Chief Financial and Administration Officer (CFAO) – The CFAO supports and reports directly to the Commissioner and provides leadership for the coordination, coherence and focus on the design and maintenance of an effective and integrated system of ICFR, including its annual assessment. The CFAO also co-chairs the Senior Executive Committee Integrated Risk Management Sub-Committee and oversees the management of the Corporate Risk Profile. The CFAO is an ex-officio member at the Departmental Audit Committee quarterly meetings.
Deputy Commissioners – The RCMP’s senior departmental executives in charge of operations and program delivery are responsible for maintaining and reviewing effectiveness of their system of ICFR falling within their area of responsibilities.
Chief Audit Executive (CAE) – The RCMP’s CAE reports directly to the Commissioner and provides assurance through periodic internal audits, as part of a risk based audit plan, that are instrumental to the maintenance of an effective system of ICFR. The CAE is an ex-officio member at the Departmental Audit Committee quarterly meetings.
Senior Executive Committee (SEC) – As the RCMP’s central decision-making body, SEC reviews financial matters such as policy, programs and regulations, resource management and addresses issues pertaining to those groups. SEC is also constantly informed through presentations from various SEC Sub-Committees on subjects of interest and approval is sought as required.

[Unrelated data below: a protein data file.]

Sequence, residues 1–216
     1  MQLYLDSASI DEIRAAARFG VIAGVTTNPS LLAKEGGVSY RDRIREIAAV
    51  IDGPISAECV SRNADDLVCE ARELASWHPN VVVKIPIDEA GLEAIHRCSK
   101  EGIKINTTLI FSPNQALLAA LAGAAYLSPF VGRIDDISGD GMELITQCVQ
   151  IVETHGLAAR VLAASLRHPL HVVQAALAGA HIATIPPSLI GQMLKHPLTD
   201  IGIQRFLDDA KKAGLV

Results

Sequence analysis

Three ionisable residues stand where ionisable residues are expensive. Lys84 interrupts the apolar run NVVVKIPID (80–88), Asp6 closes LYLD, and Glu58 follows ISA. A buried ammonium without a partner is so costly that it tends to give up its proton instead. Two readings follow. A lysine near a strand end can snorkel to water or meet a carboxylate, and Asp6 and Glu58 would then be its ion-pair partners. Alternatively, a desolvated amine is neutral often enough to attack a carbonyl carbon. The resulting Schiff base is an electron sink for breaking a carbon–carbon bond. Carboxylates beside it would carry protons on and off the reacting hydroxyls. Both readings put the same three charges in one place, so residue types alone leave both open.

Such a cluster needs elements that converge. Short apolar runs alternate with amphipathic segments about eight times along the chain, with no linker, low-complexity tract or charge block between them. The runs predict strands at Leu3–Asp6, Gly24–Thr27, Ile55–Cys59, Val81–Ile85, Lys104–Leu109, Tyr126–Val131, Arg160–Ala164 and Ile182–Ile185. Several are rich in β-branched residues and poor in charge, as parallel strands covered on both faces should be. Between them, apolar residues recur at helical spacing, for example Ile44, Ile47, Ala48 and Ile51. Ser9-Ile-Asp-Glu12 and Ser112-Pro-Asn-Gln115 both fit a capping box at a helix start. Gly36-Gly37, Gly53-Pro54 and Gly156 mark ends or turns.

Departmental Audit Committee (DAC) – The DAC is an advisory committee that provides objective views on the RCMP’s financial statements, risk management, control and governance frameworks and processes. It is comprised of three external members. As such, the Committee reviews the RCMP’s Corporate Risk Profile and its system of internal control, including the assessment and associated results relating to the effectiveness of the system of ICFR.
The RCMP’s control environment includes measures to help manage risk through raising awareness and providing appropriate knowledge and tools as well as developing skills. Key measures, presented under three main categories, include:
In 2004, the Government of Canada commenced an initiative to determine the ability of departments to sustain control-based audits of their financial statements, thus placing reliance on well functioning internal controls. As a result, beginning in 2006, the largest departments, including the RCMP, are formalizing their approach to managing their systems of ICFR, including audit readiness assessments and action plans.
Whether it is to support controls-based audits or meet the requirements of the Policy on Internal Control, the RCMP must be able to maintain an effective system of ICFR with the objective to provide reasonable assurance that a) transactions are appropriately authorized, b) financial records are properly maintained, c) assets are safeguarded, and d) applicable laws, regulations and policies are complied with.
Over time, this includes assessment of design and operating effectiveness of its system of ICFR leading to ensuring the ongoing monitoring and continuous improvement of the departmental system of ICFR. Such testing covers all departmental control levels including corporate or entity, general computer and business process controls.
Design effectiveness means to ensure that key control points are identified, documented, in place and aligned with risks (i.e. controls are in balance with and proportionate to the risks they aim to mitigate) and that any remediation is addressed. This includes the mapping of key processes and IT systems to the main financial statement accounts by location as applicable.